Manifesto for a Moral Revolution … what it means to stand with the poor, to see through clear eyes, to do work worth doing

May 4, 2020

I love this book cover … as an author, I find most business book designs incredibly disappointing, uninspired … but Jacqueline Novogratz’ new book looks beautiful. Inside, it’s got some thoughtful, inspiring ideas too. Seth Godin calls it “An urgent manifesto about what it means to stand with the poor, to see through clear eyes, and most of all, to do work worth doing.”

Covid-19 has thrown into sharp relief the gaping wounds of our times, from a broken health system to climate change and skyrocketing inequality and growing divisiveness. Our inadequate systems and institutions are slumping beneath a host of modern crises. Most urgently, moral leaders are proving a scarce commodity. In America and across the world, an anxious public is hungry for clear, conscientious guidance. The stakes are higher than ever.

 

But it is not the occasion for despair. She has accompanied these leaders through the process of building the skills, determination and moral imagination to successfully challenge the status quo. Around the world, Acumen has facilitated the rollout of essential services to more than 308 million low-income people, often in politically fraught environments, sometimes changing systems all together. She navigates the sociopolitical obstacles and also encourages a generation of change-makers to do what’s right, not what’s easy. Her approach is to focus on solutions, and resist the urge of falling into the traps of ideology or trite assumption.

In 2001, when Novogratz founded Acumen, few had heard of impact investing or patient capital—an investment model that emphasizes long-term gains over quick returns, funding early-stage enterprises providing low-income consumers with access to healthcare, water, housing, alternative energy, or agricultural inputs. Nineteen years later, there’s been a seismic shift in how corporate boards and other stakeholders evaluate businesses, purpose, and sustainability; and a generation of employees is pushing for a more inclusive and sustainable model of capitalism. Our existing institutions have run their course, but we have yet to reimagine new ones to replace them in an interdependent world.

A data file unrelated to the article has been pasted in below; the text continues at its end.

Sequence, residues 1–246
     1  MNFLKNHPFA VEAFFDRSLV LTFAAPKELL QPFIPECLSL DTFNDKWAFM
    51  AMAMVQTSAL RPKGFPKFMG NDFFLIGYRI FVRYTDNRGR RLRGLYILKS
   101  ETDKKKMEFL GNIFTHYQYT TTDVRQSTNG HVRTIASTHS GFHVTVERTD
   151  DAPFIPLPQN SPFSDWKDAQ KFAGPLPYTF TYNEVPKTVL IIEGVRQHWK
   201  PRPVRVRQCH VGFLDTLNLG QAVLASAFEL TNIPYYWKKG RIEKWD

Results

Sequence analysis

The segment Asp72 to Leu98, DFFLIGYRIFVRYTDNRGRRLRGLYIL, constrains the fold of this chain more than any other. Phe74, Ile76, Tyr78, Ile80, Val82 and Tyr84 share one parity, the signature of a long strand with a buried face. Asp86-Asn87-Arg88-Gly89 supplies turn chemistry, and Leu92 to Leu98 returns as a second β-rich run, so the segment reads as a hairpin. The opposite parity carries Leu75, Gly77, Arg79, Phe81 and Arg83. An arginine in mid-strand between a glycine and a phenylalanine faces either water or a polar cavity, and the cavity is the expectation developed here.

In the book, she draws on stories from change-makers around the world and her own experiences to divulge the most common leadership mistakes and the mindset needed to rise above them. She wrestles with complex ethical and moral quandaries. She tackles issues ranging from identity and measuring what matters to whether markets will support businesses that reject a profit-alone mentality in favour of one centred on the health and wellbeing of humans and the planet. In these pages, she shows how today’s leaders, who often kick off their enterprises with grand ambitions and tight timetables, might navigate the historically challenging obstacles, which have stymied prior generations of investors. And for all who feel fearful in the face of our unique, pressing issues right now, there is hope.